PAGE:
Official outlines tightened government spending
The Ministry of Finance said it would tighten spending next year as well as the financial planning for the next five years as state budget revenues have been lower than estimated.
Vo Thanh Hung, chief of the Budget Department under Ministry of Finance
Vo Thanh Hung, chief of the Budget Department under Ministry of Finance, made the pledge after submitting the financial statements for the state budgets during 2016-2020 period and estimations for 2017.
State budget revenue has been increasingly constrained over the past year because revenue mostly comes from crude oil, trade and inland revenue, however, the incomes from these sources are dropping.
Output and the price of crude oil have been on the decline while the majority of the income from trade activities are VAT and excise taxes. Revenues from import-export activities in the last three months of the year would need to reach USD3.4bn to meet the goal for this sector.
Vo Thanh Hung said balancing the state budget had been a difficult task, but 2017 would be especially tough. In 2009, state budget overspending, excluding payments of principals, stood at 3.7% of GDP, according to the Ministry of Finance.
"The public debt to GDP ratio should not exceed 65% and budget overspending mustn't be over than 4% of GDP. Spending must not get any higher," he said.
He went on to say that improving the business environment was the long-term solution. Revenues from taxes would increase along with the number of enterprises.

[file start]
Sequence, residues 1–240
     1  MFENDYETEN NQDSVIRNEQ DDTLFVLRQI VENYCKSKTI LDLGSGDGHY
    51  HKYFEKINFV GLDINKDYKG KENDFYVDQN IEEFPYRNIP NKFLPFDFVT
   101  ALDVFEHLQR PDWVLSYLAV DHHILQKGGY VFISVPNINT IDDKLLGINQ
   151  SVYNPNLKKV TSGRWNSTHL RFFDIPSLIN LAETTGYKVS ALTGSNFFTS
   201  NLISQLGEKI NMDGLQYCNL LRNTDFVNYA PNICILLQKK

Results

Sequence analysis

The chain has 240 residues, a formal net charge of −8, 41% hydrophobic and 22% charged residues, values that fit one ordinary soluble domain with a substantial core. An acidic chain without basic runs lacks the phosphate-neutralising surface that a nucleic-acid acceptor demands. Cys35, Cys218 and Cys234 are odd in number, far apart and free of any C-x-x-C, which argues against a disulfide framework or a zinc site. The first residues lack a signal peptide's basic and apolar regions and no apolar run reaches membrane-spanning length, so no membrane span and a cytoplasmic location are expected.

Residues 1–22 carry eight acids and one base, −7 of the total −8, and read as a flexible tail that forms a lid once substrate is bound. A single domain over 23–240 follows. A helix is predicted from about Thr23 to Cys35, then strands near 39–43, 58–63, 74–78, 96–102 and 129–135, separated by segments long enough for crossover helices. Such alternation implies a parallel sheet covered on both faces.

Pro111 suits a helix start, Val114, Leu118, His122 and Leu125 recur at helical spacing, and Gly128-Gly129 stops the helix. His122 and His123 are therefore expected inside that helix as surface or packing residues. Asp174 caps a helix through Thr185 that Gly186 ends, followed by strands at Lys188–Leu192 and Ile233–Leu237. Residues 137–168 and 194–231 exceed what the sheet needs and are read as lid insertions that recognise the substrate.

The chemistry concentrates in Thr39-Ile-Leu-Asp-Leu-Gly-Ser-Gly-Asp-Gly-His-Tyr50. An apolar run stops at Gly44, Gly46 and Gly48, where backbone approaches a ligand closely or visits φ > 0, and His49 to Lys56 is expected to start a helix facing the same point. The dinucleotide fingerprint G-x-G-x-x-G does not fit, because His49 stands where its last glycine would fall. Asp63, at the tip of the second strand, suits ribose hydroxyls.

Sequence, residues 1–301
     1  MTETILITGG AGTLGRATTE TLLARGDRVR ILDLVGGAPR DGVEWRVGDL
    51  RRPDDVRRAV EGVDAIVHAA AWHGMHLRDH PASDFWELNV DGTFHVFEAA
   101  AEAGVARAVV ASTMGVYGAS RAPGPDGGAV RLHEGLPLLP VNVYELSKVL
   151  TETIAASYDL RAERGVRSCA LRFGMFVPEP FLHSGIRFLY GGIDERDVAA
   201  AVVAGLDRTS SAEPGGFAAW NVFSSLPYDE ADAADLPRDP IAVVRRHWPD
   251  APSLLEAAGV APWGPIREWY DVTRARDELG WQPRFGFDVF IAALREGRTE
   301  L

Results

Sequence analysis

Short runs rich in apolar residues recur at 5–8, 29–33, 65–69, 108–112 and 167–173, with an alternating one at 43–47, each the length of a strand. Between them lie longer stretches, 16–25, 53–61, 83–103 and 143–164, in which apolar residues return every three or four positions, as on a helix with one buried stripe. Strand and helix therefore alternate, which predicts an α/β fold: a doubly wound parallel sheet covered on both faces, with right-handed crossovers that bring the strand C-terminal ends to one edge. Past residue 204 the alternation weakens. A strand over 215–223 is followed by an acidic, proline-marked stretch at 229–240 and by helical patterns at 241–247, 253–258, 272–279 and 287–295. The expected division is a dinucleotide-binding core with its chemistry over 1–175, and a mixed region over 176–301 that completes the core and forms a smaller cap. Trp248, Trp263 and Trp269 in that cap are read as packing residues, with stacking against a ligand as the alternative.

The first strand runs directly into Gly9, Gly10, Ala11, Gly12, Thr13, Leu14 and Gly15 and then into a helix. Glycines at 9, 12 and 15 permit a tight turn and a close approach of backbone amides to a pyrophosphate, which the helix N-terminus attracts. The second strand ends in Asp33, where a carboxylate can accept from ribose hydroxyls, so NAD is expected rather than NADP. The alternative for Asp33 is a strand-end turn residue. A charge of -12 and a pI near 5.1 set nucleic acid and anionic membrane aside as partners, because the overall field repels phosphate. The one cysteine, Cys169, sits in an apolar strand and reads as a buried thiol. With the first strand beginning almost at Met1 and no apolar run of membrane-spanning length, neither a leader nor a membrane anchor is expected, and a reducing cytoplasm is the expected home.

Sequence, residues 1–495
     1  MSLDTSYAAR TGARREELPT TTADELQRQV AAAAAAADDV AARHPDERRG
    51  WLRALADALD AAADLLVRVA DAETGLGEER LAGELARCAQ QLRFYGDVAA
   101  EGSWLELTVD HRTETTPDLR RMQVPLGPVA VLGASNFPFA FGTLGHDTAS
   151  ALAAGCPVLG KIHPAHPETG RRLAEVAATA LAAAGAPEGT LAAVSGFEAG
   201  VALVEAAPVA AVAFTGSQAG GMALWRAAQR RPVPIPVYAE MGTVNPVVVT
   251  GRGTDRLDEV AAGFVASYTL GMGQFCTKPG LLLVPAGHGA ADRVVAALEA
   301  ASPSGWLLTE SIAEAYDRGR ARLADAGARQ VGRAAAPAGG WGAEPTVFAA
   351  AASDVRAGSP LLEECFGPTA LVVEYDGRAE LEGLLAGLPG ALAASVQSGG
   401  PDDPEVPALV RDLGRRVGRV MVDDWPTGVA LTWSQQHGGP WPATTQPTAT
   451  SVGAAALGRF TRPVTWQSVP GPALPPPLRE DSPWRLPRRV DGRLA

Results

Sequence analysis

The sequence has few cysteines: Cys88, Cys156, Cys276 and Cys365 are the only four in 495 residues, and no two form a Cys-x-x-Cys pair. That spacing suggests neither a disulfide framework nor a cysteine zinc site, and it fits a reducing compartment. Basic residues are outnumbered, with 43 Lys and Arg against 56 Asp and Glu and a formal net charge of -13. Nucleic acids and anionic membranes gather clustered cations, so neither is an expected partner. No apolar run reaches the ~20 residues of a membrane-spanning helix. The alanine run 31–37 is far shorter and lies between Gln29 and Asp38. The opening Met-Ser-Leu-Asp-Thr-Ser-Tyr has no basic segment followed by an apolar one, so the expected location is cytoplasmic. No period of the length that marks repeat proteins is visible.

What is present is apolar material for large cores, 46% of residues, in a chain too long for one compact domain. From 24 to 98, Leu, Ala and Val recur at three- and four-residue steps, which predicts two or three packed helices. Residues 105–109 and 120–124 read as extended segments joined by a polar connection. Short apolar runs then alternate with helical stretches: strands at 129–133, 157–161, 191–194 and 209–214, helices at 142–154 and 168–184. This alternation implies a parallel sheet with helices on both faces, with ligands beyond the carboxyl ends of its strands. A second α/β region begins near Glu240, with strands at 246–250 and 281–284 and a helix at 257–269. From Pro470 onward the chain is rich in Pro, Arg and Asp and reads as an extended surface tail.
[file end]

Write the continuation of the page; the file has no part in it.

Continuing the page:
"There are about 500,000 to 600,000 firms and we hope this could increase to one or two million. The Ministry of Finance will revise the current policies and expand the taxpaying base. It's also time to apply property tax," he said.
In addition, the ministry will try to limit the amount of tax arrears to less than 5% of the budget revenue. The current tax arrears are high following the economic downturn in 2008-2011. Debts that cannot be recovered will be written off.
About USD45m could be cut from the expenditure for the sectors including health and education. When basic wages were increased in July, localities weren't given more funding and instead were told to raise money from other sources.
Only the Ministry of Finance has cut its budget for state-owned cars. Next year, the ministry will stop providing funds to buy cars for deputy ministers and below.